|Phage-Based Fluorescent Biosensor Prototypes to Specifically Detect Enteric Bacteria Such as E. coli and Salmonella enterica Typhimurium. |
Auteur(s): Vinay Manon, Franche Nathalie, Gregori G., Fantino Jean-raphaël, Pouillot Flavie, Ansaldi Mireille
(Article) Publié: Plos One, vol. 10 p.e0131466 (2015)
Ref HAL: hal-01178749_v1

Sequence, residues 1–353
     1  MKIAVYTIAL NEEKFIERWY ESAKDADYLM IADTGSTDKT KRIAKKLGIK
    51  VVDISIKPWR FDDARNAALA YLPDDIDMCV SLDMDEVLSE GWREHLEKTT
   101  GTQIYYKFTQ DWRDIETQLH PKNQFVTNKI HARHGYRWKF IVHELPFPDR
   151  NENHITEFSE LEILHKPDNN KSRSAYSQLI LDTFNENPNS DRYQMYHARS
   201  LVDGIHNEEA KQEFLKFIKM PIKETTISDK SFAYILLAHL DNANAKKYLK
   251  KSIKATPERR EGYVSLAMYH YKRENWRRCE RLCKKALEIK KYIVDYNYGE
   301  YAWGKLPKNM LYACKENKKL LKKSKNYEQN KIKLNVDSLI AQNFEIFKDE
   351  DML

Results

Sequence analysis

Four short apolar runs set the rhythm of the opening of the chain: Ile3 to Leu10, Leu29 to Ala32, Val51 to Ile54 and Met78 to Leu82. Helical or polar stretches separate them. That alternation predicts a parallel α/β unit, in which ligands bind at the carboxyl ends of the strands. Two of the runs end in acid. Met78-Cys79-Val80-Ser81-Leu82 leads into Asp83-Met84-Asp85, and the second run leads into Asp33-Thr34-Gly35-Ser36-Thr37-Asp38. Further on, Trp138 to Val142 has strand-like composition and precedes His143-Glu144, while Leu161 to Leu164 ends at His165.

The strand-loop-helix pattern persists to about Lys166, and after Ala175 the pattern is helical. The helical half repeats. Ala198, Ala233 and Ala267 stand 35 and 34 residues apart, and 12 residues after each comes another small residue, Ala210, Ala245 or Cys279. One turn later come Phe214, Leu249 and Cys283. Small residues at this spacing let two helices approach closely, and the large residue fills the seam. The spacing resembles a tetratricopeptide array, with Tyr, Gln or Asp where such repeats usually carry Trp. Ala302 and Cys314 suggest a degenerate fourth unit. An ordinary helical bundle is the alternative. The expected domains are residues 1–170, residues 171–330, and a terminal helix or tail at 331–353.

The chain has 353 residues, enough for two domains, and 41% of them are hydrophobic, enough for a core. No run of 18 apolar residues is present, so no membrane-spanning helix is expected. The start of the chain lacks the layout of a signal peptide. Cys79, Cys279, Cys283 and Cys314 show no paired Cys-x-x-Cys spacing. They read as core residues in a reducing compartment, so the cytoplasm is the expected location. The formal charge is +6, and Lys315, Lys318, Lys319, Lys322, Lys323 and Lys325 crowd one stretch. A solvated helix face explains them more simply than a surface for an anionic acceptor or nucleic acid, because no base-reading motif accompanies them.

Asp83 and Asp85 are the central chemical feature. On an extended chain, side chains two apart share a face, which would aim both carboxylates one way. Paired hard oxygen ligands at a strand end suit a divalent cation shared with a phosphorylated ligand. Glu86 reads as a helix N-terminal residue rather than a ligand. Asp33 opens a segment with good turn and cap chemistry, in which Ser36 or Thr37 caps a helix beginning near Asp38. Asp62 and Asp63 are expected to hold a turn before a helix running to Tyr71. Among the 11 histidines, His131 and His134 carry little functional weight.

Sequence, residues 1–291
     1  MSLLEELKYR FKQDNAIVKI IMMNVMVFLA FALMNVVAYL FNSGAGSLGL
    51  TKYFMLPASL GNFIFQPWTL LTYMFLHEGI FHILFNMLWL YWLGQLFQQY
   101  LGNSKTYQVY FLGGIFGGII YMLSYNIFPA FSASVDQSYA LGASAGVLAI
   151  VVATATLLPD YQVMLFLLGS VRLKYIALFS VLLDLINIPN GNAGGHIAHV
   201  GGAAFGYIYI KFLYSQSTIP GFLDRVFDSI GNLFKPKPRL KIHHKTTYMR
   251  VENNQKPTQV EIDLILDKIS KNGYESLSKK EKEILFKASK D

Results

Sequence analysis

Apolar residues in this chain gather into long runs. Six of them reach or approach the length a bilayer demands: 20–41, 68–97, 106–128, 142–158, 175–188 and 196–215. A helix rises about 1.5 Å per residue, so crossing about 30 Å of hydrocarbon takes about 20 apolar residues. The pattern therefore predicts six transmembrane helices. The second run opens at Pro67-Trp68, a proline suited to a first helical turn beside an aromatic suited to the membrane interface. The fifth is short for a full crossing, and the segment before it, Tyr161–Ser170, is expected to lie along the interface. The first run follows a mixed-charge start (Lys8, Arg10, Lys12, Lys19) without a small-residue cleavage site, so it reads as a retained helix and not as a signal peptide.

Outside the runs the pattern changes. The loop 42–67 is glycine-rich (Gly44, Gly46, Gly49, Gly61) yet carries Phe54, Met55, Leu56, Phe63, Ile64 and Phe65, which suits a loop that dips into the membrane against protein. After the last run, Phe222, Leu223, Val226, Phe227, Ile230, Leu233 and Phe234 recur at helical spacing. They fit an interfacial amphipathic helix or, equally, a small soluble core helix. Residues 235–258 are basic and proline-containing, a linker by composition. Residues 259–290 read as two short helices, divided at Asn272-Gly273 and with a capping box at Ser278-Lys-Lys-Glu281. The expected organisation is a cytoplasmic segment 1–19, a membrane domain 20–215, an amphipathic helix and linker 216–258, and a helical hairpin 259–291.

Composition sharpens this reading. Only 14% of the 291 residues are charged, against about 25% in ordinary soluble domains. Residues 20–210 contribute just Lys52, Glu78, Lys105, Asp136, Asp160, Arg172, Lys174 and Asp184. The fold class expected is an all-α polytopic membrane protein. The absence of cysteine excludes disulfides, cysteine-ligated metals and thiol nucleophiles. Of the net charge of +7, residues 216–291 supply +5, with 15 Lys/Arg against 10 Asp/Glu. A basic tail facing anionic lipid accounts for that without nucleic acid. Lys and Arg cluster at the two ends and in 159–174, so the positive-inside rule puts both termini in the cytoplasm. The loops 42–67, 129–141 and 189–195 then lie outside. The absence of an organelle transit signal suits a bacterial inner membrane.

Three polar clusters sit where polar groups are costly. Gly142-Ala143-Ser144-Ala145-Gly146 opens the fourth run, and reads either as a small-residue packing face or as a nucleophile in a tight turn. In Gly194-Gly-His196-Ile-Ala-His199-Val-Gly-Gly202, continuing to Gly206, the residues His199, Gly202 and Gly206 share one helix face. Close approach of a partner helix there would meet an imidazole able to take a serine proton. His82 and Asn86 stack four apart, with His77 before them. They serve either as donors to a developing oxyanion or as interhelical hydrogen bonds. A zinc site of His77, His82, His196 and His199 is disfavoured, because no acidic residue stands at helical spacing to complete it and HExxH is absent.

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Water safety is a major concern for public health and for natural environment preservation. We propose to use bacteriophages to develop biosensor tools able to detect human and animal pathogens present in water. For this purpose, we take advantage of the highly discriminating properties of the bacteriophages, which specifically infect their bacterial hosts. The challenge is to use a fluorescent reporter protein that will be synthesized, and thus detected, only once the specific recognition step between a genetically modified temperate bacteriophage and its bacterial host has occurred. To ensure the accuracy and the execution speed of our system, we developed a test that does not require bacterial growth, since a simple 1-hour infection step is required. To ensure a high sensitivity of our tool and in order to detect up to a single bacterium, fluorescence is measured using a portable flow cytometer, also allowing on-site detection. In this study, we have constructed and characterized several "phagosensor" prototypes using the HK620 bacteriophage and its host Escherichia coli TD2158 and we successfully adapted this method to Salmonella detection. We show that the method is fast, robust and sensitive, allowing the detection of as few as 10 bacteria per ml with no concentration nor enrichment step. Moreover, the test is functional in sea water and allows the detection of alive bacteria. Further development will aim to develop phagosensors adapted on demand to the detection of any human or animal pathogen that may be present in water.